Finally, the ALJ does not explain how the daily activities described by Plaintiff and her husband undermine Plaintiff's credibility. While it is permissible for an ALJ to consider a claimant's daily activities when assessing credibility, the Seventh Circuit has repeatedly admonished ALJs not to place "undue weight" on those activ-ities. Moss, 555 F.3d at 562; see Punzio v. Astrue, 630 F.3d 704, 712 (7th Cir. 2011) ("[The claimant's] ability to struggle through the activities of daily living does not mean that [the claimant] can manage the requirements of a modern workplace"); Mendez v. Barnhart, 439 F.3d 360, 362 (7th Cir. 2006) ("The pressures, the nature of the work, flexibility in the use of time, and other aspects of the working environ-ment as well, often differ dramatically between home and office or factory or other place of paid work."). Further, when an ALJ does analyze a claimant's daily activi-ties, the analysis "must be done with care." See Roddy v. Astrue, 705 F.3d 631, 639 (7th Cir. 2013). Here, the function reports describe symptoms and limitations simi-lar to Plaintiff's hearing testimony. For example, in their function reports, Plaintiff and her husband reported Plaintiff's difficulty in performing daily activities. ( See R. at 169 (needs husband's help to dress), 170 (prepares only simple meals of rice and milk), 171 (not able to enjoy writing, reading, using computer, or watching televi-sion), 172 (needs 30 minute rest after walking less than half mile), 177 (difficulty sleeping), 177 (needs earbuds or headphone to use telephone), 178 (able to spend on-ly one half hour doing light laundry, washing dishes, and ironing), 181 (able to sit in one position for only 15 minutes)). These statements are consistent with her hearing testimony. ( See id. at 34 (reporting difficulty with household chores and personal care), 40-42 (unable to sit in one position very long before having to stand or kneeled to relieve the pain)). The ALJ did not adequately explain how Plaintiff's ability to perform limited household activities evinces an ability to perform full-time work. See Jelinek v. Astrue, 662 F.3d 805, 812 (7th Cir. 2011) ("[An ALJ] must ex-plain perceived inconsistencies between a claimant's activities and the medical evi-dence."). While the nature of personal activities is such that one can often readily attain accommodations, the modern workplace is far less forgiving. See Bjornson v. Astrue, 671 F.3d 640, 647 (7th Cir. 2012) ("The critical differences between activities of daily living and activities in a full-time job are that a person has more flexibility in scheduling the former than the latter, can get help from other persons... and is not held to a minimum standard of performance, as she would be by an employer.").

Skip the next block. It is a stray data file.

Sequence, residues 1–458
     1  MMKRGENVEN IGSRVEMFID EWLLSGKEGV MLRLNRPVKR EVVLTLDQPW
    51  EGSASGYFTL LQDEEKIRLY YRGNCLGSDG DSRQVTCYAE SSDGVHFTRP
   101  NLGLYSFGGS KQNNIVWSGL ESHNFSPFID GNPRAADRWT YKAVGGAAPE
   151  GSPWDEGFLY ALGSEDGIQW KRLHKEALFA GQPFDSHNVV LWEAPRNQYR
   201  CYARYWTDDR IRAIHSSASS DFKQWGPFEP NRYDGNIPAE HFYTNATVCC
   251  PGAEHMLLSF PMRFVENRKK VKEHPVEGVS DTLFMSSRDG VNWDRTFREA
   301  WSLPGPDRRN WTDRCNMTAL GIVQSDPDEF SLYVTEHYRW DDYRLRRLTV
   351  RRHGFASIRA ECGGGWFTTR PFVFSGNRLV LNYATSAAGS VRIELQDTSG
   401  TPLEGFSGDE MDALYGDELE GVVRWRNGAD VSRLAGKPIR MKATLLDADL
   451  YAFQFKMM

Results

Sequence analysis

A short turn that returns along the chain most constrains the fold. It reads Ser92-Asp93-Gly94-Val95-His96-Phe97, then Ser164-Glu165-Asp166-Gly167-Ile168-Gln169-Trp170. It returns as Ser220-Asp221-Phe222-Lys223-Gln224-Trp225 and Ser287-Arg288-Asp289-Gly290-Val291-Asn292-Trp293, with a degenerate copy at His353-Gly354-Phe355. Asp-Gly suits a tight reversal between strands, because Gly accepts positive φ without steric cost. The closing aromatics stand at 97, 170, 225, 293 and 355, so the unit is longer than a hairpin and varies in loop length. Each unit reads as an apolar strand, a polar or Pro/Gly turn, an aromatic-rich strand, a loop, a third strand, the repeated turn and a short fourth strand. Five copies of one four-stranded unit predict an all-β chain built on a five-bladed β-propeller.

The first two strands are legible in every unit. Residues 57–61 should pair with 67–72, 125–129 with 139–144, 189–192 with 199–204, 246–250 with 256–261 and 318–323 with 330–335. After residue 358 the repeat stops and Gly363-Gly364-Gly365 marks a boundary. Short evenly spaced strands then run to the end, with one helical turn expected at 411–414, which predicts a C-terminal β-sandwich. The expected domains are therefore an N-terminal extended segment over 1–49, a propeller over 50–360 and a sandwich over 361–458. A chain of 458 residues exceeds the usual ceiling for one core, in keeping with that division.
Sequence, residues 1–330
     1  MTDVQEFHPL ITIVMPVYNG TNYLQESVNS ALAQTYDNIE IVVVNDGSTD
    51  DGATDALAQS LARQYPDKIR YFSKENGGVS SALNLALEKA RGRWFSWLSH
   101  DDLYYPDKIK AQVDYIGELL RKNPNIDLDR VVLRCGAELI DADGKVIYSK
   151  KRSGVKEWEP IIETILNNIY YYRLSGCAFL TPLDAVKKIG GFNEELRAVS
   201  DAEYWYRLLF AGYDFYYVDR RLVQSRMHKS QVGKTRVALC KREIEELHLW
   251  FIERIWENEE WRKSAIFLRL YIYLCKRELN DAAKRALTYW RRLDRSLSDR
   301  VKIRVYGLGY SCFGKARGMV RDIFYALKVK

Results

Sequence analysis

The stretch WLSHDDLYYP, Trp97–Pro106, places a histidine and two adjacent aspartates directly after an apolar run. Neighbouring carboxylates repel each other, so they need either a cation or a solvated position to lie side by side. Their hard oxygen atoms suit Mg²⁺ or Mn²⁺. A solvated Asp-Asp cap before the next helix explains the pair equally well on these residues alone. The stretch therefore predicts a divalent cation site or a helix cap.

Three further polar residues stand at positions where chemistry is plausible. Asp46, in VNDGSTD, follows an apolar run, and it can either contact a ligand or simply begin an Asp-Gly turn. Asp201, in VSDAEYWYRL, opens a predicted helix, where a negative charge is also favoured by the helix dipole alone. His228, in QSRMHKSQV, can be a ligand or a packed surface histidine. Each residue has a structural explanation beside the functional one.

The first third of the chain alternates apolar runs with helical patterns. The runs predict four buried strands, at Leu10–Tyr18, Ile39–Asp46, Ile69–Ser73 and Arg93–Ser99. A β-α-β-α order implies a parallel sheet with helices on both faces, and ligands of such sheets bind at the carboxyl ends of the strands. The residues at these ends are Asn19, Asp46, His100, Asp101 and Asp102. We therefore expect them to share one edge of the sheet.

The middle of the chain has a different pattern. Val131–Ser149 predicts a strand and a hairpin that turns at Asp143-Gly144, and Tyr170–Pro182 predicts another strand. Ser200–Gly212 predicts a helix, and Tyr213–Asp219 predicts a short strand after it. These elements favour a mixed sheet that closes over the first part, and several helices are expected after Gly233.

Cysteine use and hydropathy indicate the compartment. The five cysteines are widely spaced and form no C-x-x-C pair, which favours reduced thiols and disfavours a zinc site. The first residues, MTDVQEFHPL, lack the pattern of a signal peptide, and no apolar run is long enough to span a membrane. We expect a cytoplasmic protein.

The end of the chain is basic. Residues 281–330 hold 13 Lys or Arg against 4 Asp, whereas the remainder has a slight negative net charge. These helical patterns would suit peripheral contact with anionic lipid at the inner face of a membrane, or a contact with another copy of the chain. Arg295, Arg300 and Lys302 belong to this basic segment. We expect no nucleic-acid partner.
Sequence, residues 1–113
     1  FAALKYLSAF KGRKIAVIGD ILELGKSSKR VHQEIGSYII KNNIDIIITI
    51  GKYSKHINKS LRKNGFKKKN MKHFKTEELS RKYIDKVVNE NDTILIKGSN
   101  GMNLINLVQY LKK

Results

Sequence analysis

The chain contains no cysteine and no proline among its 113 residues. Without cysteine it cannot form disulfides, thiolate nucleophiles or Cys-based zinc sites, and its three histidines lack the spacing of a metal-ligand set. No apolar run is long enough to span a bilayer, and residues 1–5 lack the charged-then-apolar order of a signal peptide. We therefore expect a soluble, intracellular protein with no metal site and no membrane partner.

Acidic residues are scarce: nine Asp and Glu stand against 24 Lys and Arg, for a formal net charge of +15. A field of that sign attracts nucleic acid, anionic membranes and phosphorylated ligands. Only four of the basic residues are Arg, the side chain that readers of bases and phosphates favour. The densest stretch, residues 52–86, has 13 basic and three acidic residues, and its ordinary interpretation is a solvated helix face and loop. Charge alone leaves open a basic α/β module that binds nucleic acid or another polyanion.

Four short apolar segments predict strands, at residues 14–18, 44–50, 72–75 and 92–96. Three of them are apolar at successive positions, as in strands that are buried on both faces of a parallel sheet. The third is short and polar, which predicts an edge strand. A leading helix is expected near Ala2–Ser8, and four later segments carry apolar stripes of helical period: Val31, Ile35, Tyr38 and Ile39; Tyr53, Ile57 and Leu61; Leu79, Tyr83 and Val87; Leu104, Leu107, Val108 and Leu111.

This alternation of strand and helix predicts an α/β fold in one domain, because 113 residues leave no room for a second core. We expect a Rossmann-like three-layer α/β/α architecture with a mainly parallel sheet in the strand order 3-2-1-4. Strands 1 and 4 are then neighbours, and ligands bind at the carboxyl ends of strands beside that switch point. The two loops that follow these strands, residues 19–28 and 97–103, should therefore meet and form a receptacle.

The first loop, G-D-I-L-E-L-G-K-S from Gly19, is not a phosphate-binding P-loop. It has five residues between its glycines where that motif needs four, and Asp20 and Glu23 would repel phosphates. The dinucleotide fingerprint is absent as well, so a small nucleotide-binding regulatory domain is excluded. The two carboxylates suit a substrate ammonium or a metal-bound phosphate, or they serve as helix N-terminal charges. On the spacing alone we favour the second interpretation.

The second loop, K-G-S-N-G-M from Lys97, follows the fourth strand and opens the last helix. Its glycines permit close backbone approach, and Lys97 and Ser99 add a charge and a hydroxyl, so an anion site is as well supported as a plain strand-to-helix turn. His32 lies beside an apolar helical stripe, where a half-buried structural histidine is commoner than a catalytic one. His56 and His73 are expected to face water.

The Court finds the ALJ's credibility determination "patently wrong." Craft, 539 at 678. On remand, the ALJ shall reevaluate Plaintiff's complaints with due regard for the full range of medical evidence. See Zurawski v. Halter, 245 F.3d 881, 888 (7th Cir. 2001).